Timothy Joseph Hursley (1955–)

Timothy Joseph Hursley is an architectural photographer whose works have been featured in architectural journals and museums around the world.

Tim Hursley was born on July 19, 1955, in Detroit, Michigan, the fifth of nine children, to Frank and Lois Hursley. His father was a tool engineer, and his mother sold women’s shoes. At age sixteen, he began doing yard work for a neighbor, Balthazar Korab, a pioneer in modern architectural photography. Within three months, while still attending Brother Rice High School in Bloomfield, Michigan, Hursley had become Korab’s part-time photographic assistant and apprentice.

From 1971 to 1980, Hursley’s apprenticeship taught him the craft of large-format photography and black-and-white photographic printing. As Hursley advanced in photo assignments, Korab’s approach to architectural photography influenced his images. Hursley’s photographs were artistic rather than documentary, with a keen sense of abstract structural details found at the intersection of light and form. He developed an aesthetic eye similar to an architect’s.

Hursley’s brother Greg worked as an architectural photographer in Little Rock (Pulaski County) and persuaded him to move south. In 1981, he opened The Arkansas Office. From this base, Hursley distinguished himself in architectural photography.

On June 9, 1990, Hursley married Jeanie Lockeby. The couple has two children, Dylan and Evan.

Hursley work is primarily produced as archival records for architects and occupants of innovative, modern structures. Hursley chose the Sinar 4×5 camera to document the building and their environments. Celebrated structures photographed by Hursley include: Andy Warhol’s Factory in New York City (1982); the U.S. Holocaust Memorial Museum in Washington DC (1993); the Rock and Roll Hall of Fame in Cleveland, Ohio (1995); the Miho Museum in Shiga, Japan (1998); the Guggenheim Museum in Bilbao, Spain (1998); and the Museum of Modern Art, New York (2004). His photographs are also featured in publications including Architectural Record, Architecture Magazine, The New York Times, The Independent (London, England), and Newsweek.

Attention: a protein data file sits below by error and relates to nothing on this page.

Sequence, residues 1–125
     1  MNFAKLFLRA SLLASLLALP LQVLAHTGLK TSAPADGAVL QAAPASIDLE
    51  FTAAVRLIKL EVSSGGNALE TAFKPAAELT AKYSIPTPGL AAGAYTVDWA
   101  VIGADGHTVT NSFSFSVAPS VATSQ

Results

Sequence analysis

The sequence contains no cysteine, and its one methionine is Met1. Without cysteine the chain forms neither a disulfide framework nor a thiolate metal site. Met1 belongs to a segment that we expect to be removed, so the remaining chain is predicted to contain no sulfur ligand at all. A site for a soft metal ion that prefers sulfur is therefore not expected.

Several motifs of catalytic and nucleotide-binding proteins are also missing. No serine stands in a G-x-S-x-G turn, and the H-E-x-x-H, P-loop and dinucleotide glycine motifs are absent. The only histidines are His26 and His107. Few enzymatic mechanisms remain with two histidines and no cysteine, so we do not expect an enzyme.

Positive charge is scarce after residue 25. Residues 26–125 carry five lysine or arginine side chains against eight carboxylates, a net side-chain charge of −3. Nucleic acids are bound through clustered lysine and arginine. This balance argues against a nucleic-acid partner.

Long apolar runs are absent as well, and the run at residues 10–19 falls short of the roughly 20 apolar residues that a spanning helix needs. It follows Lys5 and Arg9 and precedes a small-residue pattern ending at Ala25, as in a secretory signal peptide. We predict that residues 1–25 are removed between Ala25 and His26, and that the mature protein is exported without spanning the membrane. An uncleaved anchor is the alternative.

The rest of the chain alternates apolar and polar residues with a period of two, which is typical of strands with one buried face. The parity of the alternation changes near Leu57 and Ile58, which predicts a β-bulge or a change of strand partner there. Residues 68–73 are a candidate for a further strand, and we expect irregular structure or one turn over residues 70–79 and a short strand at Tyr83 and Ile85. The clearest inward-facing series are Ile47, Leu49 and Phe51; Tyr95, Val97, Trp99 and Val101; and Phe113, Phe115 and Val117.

Hursley has received several awards, most notably a 1987 Award of Excellence by Communications Arts Magazine, a 1990 American Institute of Architects Honor Award, and a 1998 Arkansas Arts Council Fellowship.

In his most rewarding work to date, Hursley and Andrea Oppenheimer Dean authored Rural Studio: Samuel Mockbee and an Architecture of Decency (published by Princeton Architectural Press, 2002). Spanning nine years of road trips, Hursley’s project documented impoverished residents of Hale County, Alabama, and their reconstructed buildings, designed with discarded materials by Samuel Mockbee and his Auburn University students. Significant in photographic history, Hale County people and places were photographed by Walker Evans (1936) and William Christenberry (beginning in 1961). Hursley’s photographs showed the buildings and their proud occupants. The book received excellent reviews, and its photographs were featured in several exhibits, including the “Design Culture Now” at the Smithsonian, Cooper-Hewitt, National Design Museum in New York (2000) and “Rural Studio—Three Thesis Projects” at the Whitney Museum of American Art in New York (2002).

Hursley published a second book in 2003, Brothels of Nevada: Candid Views of America’s Legal Sex Industry (Princeton Architectural Press). From 1985 to 2003, Hursley photographed the architectural diversity of Nevada brothels from the grand convention centers to small mobile homes, both operational and abandoned. Although the brothels were often discounted as being unworthy of serious architectural consideration, Hursley poignantly photographed twenty-five of them. A noted detail of the photographs was the exclusion of people. “I sense the people,” Hursley explained, “the footprints of a subculture… a sort of coming together of the owners, the women and the customers, because [in] those rooms I see all three.”

In 2003 and 2004, Hursley photographed the Clinton Presidential Center in Little Rock. Exhibited in the Historic Arkansas Museum, Hursley’s photographs documented the center’s construction from the ground up and “the site as the facade builds within the context of Little Rock.” Hursley photographed the interior and the exterior with a shutter 4×5 camera and a unique panoramic pinhole camera built by renowned Arkansas photographer Thomas Harding.

When not traveling the world to photograph great buildings, Hursley resides in Little Rock with his family.

For additional information:
Dean, Andrea Oppenheimer, and Timothy Hursley. Rural Studio: Samuel Mockbee and An Architecture of Decency. Princeton, NJ: Princeton Architectural Press, 2002.

Kelly, Michelle. “Timothy Hursley.” Black + White, Issue 72 (May 2004): 82–85.

Robinson, Cervin. “Portfolio Hursley Hursley Interview by Cervin Robinson.” Places a Forum of Environmental Design 15 (Winter 2003): 48–61.

Rita Henry
Little Rock, Arkansas


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